Cash transfers reduce homelessness, raise savings, Canada study says

Efforts to alleviate the growing crisis of homelessness typically avoid putting money directly in the hands of the unhoused, reflecting the stigma that it will be misused. But new research challenges that perception, suggesting that when some homeless people are given cash, they are likely to put it toward essentials such as housing, furniture and transportation.

Researchers at the University of British Columbia, in collaboration with Vancouver-based charity Foundations for Social Change, provided a lump sum of 7,500 Canadian dollars in 2016 (about $5,540 today) to 50 people experiencing homelessness in Vancouver. They found that the recipients spent fewer days homeless, increased their savings and put more money toward essentials compared with a control group of 65 people who received no cash transfer.

The study, which was published in the peer-reviewed PNAS journal this week, followed individuals for one year after they received the lump sum and reported no increase in spending on what researchers call “temptation goods,” defined as alcohol, drugs and cigarettes. By decreasing time spent in shelters, the intervention led to a decrease in public spending of 777 Canadian dollars (about $574) per person, the paper said.

The authors of the Vancouver study write that traditional strategies to address the issue, such as focusing on health care or housing support, do not directly target a core cause of homelessness — the lack of money.

“Unconditional cash transfers provide recipients the freedom to make their own decisions about how to spend the money, which can enhance the recipients’ sense of empowerment and control,” they write, adding that the provision of money also reduces anxiety and impulsivity and helps recipients “make better decisions over the long run.”

“While cash transfers are not a panacea, they may speed the path to stability and can be integrated easily with existing social supports,” the authors write, cautioning that their sample focused specifically on people who did not have serious mental health or substance abuse problems. More evidence is needed to see how a cash transfer would affect other populations, they said.

Cities across the United States and Canada are struggling to deal with homelessness, amid rising costs of living, inflation and stagnant wages. There was a 12 percent increase in D.C.’s homeless population over the past year, while the United States has seen a 6 percent increase since 2017, according to the National Alliance to End Homelessness.

In Toronto, more than 80,000 people are on a wait list for affordable housing, while a June report from the Vancouver Sun said more than 100,000 residents of British Columbia were at risk of homelessness because of a “staggering increase” in the cost of rent.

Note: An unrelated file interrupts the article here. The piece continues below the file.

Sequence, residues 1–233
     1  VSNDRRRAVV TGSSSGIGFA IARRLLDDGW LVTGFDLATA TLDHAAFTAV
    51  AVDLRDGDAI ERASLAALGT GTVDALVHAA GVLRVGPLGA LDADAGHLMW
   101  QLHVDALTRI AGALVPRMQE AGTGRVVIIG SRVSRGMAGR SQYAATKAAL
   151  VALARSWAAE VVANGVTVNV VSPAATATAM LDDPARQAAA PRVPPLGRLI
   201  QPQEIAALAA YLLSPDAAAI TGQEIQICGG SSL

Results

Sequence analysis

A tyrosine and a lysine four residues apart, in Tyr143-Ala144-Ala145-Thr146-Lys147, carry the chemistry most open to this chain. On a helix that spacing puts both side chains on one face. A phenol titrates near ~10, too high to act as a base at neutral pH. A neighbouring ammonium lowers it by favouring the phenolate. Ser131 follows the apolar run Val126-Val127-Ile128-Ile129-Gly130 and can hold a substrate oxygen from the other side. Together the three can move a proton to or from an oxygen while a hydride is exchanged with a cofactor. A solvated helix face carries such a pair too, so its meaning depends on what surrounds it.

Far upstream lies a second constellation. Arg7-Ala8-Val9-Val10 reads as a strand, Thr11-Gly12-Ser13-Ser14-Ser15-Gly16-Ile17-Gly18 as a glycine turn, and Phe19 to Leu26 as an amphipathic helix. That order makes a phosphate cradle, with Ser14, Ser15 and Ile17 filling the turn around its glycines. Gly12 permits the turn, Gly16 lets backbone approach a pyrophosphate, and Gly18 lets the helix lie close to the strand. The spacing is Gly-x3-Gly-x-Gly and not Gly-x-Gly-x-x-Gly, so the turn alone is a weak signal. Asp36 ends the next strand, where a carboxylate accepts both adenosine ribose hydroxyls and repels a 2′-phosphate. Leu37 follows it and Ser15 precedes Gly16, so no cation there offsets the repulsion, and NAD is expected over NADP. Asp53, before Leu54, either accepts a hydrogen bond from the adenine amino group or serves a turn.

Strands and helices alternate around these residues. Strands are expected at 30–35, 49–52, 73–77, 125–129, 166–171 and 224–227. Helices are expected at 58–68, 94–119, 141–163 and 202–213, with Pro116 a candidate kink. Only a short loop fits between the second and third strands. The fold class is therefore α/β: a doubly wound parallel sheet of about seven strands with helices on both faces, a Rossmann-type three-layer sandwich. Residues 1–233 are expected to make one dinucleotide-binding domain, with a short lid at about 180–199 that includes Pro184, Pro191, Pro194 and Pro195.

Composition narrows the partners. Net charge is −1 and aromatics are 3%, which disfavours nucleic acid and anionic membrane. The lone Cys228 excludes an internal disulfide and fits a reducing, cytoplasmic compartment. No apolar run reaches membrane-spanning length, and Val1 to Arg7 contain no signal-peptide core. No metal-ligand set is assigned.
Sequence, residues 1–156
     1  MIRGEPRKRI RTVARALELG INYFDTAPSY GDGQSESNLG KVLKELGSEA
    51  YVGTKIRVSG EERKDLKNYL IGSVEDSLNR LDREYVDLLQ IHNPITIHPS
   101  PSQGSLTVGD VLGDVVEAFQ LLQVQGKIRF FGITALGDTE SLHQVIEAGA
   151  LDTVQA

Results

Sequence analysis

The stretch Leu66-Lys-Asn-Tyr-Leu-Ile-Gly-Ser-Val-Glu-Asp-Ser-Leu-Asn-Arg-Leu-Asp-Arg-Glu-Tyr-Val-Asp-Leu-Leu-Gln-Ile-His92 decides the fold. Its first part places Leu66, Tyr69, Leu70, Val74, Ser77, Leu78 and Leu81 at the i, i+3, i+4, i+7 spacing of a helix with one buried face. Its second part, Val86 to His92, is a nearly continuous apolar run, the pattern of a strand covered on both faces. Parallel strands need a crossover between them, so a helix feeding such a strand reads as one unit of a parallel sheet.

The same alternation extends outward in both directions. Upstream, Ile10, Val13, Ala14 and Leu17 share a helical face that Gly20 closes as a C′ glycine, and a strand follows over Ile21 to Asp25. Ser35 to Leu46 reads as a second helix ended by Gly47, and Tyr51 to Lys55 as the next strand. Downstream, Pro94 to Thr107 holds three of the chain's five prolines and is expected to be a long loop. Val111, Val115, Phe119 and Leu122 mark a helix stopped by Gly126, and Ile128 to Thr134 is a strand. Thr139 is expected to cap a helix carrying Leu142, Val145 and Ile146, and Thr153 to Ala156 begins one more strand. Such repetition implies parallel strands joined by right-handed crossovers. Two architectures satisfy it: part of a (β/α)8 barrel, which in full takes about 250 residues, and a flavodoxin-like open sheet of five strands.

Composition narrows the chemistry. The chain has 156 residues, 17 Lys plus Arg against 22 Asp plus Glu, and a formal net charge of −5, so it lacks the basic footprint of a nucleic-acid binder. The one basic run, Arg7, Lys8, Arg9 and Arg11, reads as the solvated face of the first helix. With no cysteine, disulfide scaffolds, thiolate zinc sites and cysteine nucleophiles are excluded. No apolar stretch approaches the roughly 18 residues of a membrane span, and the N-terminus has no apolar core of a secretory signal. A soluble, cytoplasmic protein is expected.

Controversial approaches such as bulldozing homeless encampments and involuntarily hospitalizing the mentally ill have had little success, while many efforts to house the homeless have failed.

While a lack of money is one of the main causes of homelessness, there is a high barrier to making cash transfers a part of real-world efforts to combat homelessness, the authors write. The public has a tendency to think that homeless people will spend more on temptation goods, and this bias can lead to an emphasis on “the provision of paternalistic forms of aid,” they say.

“For decades, the public has harbored dangerous presumptions that people experiencing homelessness don’t need or deserve cash assistance,” Ann Oliva, CEO of the National Alliance to End Homelessness, said in a statement. “The study builds on a growing evidence base that refutes these narratives.”

Jiaying Zhao, a psychologist who studies homelessness at the University of British Columbia and an author on the paper, said in a phone interview that she was homeless after graduating from Princeton with a PhD because of immigration issues, and she hopes to challenge the stereotypes about homeless people.

“People have the wrong idea of who these homeless individuals are and how they became homeless,” she said. “The assumption that we have is, ‘If you’re homeless, you must have done something wrong. It’s your fault. And therefore, you cannot be trusted with money.’”

“I think that assumption is entirely inaccurate,” Zhao said.

In another study, the researchers found that when subjects were presented with information about how homeless people actually spend the money they are given, they are more likely to support cash transfers as a strategy to fight homelessness.

“Our study adds to growing global evidence demonstrating the benefits of cash transfers to low-income populations,” the researchers write, pointing to studies that reported positive impacts from cash transfers in Kenya, Zambia and Pakistan.

The prevailing approach to homelessness — providing services such as housing support and health care — is “paternalistic because we’re assuming this is what they need,” Zhao said.

“Cash allows personal agency, freedom and choice,” she said.